Constructive Open Source Citizenship Produces Results
VMware sponsored this post.
The open source reputations of many companies are on the rise, bolstered by real progress in corporate community engagement according to a survey of over 1,000 technologists. For the second year in a row, VMware worked with The New Stack and The Linux Foundation’s TODO Group to determine the degree to which companies are good citizens of the open source community. Seven of the eight companies rated by respondents in both the 2019 and 2020 surveys saw a greater percentage of respondents rating their citizenship as at least average.
Compared to previous years, respondents’ employers are more likely to be contributing code upstream, collaborating and influencing projects via leadership and maintainer roles. Although acquisitions may be related to some improvement in ratings, the data shows that constructive open source citizenship produces results.
The 2020 study adjusted the list of 11 companies to better represent a range of large companies that participate in open source communities, including hyperscale consumer companies and telecommunications providers. Respondents were again asked to rate their open source community citizenship in terms of contributions, collaboration and leadership on open source projects and initiatives within the open source ecosystem. A description of the study’s methodology can be found on GitHub and at the bottom of this article.
The results were clear. Red Hat and open source excellence are synonymous — 58% rated it as excellent and another 24% as an above-average open source citizen. A year after its acquisition of Red Hat, IBM is benefiting from its association with the legendary OSS brand; in 2020, 49% rated IBM as at least above average, up from 41% in 2019. Microsoft’s strong ratings are at least somewhat supported by its previous acquisition of GitHub, although it still gets twice as many poor or below average ratings as compared to IBM.
VMware, which co-sponsored the study, saw one of the biggest jumps in respondents rating its citizenship as at or above average, going from 43% in 2019 to 53% in 2020. Part of the improvement is because fewer people said they “didn’t know” about VMware’s open source involvement. The gains are also due to a jump in the “above average” ratings. It appears that VMware’s open source actions and investments in the community are having an impact. A three-part series about the company’s open source program office describes a community-first approach to promoting open source in and outside of VMware.
Like IBM and Microsoft, VMware acquired well regarded open source companies like Pivotal and Bitnami in recent years. To some extent, the acquisitions, name recognition and a company’s consumer brand image may have influenced ratings, but none of these factors were asked about it in the questionnaire. What we did focus on are ratings from the most active participants in the open source community.
VMware, Microsoft and IBM all did particularly well among employees of organizations that frequently contribute to upstream projects. Year-over year, the three large software companies were the only ones to see a significant drop in negative ratings by employees of organizations that frequently contribute to upstream projects. IBM’s below average or poor ratings dropped the most, going from 15% in 2019 to 7% in 2019. Of these three vendors, VMware saw the biggest jump in positive (excellent or above average) ratings from frequent contributors, going from 28% in 2019 to 37% in 2020.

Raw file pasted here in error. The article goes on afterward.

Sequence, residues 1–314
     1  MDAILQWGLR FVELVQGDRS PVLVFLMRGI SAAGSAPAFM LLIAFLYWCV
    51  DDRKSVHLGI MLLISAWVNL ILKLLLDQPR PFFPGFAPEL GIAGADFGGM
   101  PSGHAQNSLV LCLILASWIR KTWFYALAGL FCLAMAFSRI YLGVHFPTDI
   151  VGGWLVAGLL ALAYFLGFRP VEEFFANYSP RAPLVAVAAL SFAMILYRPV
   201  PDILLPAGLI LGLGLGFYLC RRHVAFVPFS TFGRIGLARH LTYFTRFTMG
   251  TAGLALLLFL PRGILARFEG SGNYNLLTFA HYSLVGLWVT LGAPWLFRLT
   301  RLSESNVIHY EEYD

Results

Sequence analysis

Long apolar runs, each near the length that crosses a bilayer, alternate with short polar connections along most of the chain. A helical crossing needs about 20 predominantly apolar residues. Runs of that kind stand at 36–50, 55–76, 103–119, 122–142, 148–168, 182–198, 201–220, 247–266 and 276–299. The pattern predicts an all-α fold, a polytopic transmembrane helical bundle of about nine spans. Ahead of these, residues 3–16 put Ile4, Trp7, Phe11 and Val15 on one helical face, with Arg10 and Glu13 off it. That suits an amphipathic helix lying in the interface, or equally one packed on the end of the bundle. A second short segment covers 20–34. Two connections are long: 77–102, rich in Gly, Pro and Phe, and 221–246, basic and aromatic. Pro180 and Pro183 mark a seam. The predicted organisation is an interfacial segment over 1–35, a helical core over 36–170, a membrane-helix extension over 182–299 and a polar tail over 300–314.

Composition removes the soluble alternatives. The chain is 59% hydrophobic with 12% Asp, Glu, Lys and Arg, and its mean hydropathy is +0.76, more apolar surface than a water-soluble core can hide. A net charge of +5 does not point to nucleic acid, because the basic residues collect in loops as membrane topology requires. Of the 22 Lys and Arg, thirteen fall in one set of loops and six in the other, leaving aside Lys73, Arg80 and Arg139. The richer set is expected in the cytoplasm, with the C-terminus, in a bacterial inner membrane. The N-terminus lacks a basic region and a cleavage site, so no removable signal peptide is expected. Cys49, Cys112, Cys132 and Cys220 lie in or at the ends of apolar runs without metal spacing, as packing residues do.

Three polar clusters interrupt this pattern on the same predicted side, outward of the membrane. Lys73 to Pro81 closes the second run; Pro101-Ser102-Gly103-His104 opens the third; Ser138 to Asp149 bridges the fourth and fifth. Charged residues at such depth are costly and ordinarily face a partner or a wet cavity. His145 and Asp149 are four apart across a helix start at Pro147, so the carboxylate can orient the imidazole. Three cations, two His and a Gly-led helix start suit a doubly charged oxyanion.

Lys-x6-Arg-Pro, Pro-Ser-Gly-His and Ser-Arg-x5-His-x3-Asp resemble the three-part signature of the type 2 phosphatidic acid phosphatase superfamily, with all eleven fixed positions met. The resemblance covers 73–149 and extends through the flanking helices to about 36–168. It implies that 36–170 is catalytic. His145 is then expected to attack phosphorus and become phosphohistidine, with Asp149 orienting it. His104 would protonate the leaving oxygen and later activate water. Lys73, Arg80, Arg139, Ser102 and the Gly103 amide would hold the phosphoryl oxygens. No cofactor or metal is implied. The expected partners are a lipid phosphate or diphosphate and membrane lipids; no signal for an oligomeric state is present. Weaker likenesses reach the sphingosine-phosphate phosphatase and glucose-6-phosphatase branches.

After the ratings questions, the survey asked if open source citizenship affects their organization’s buying decisions, with half of the respondents indicating it is at least moderately influential. Open source community involvement is more important in decision making among organizations that frequently contribute upstream — it is extremely influential for 29%, with another 47% indicating a very or moderate influence on purchasing. The 76% that view it as at least moderately influential is an increase from 67% of 2019 frequent contributor respondents.
The study found support for the higher ratings across a range of open source engagement metrics. Collaboration with peers across open source projects and/or foundations has increased, going from 32% to 37% of the study’s respondents’ organizations. The collaboration is partly related to upstream contributions, with more organizations making these efforts compared to several years ago. Furthermore, 45% of respondents’ organizations have a formal policy governing contributions to upstream open source projects, up from 34% in the 2019 study.
Active participants in open projects have a wide range of expectations, many of which were not covered in the survey’s questions. Readers are encouraged to submit an issue with suggestions about what metrics should be included in the 2021 survey.
Methodology and Respondent Profile
After screening and data cleanup, the report is based on 1,026 people that participated in the survey, which The New Stack conducted from May 5, 2020, to June 15, 2020. Respondents were solicited via social media and email lists from The New Stack, as well as the survey sponsors (The Linux Foundation’s TODO Group and VMware).
- Company size was broadly represented, with 24% of respondents working at large companies with more than 10,000 employees, and 37% from small and mid-size companies with 250 or fewer employees.
- Developers and software engineers represented 40% of respondents, with at least another 34% holding an IT-related role.
- A formal or informal open source program or management initiative exists at 47% of respondents’ organizations, with another 17% planning for one.
The full dataset can be found here.
The Linux Foundation is a sponsor of The New Stack and co-sponsored this research.
Feature image via Pixabay.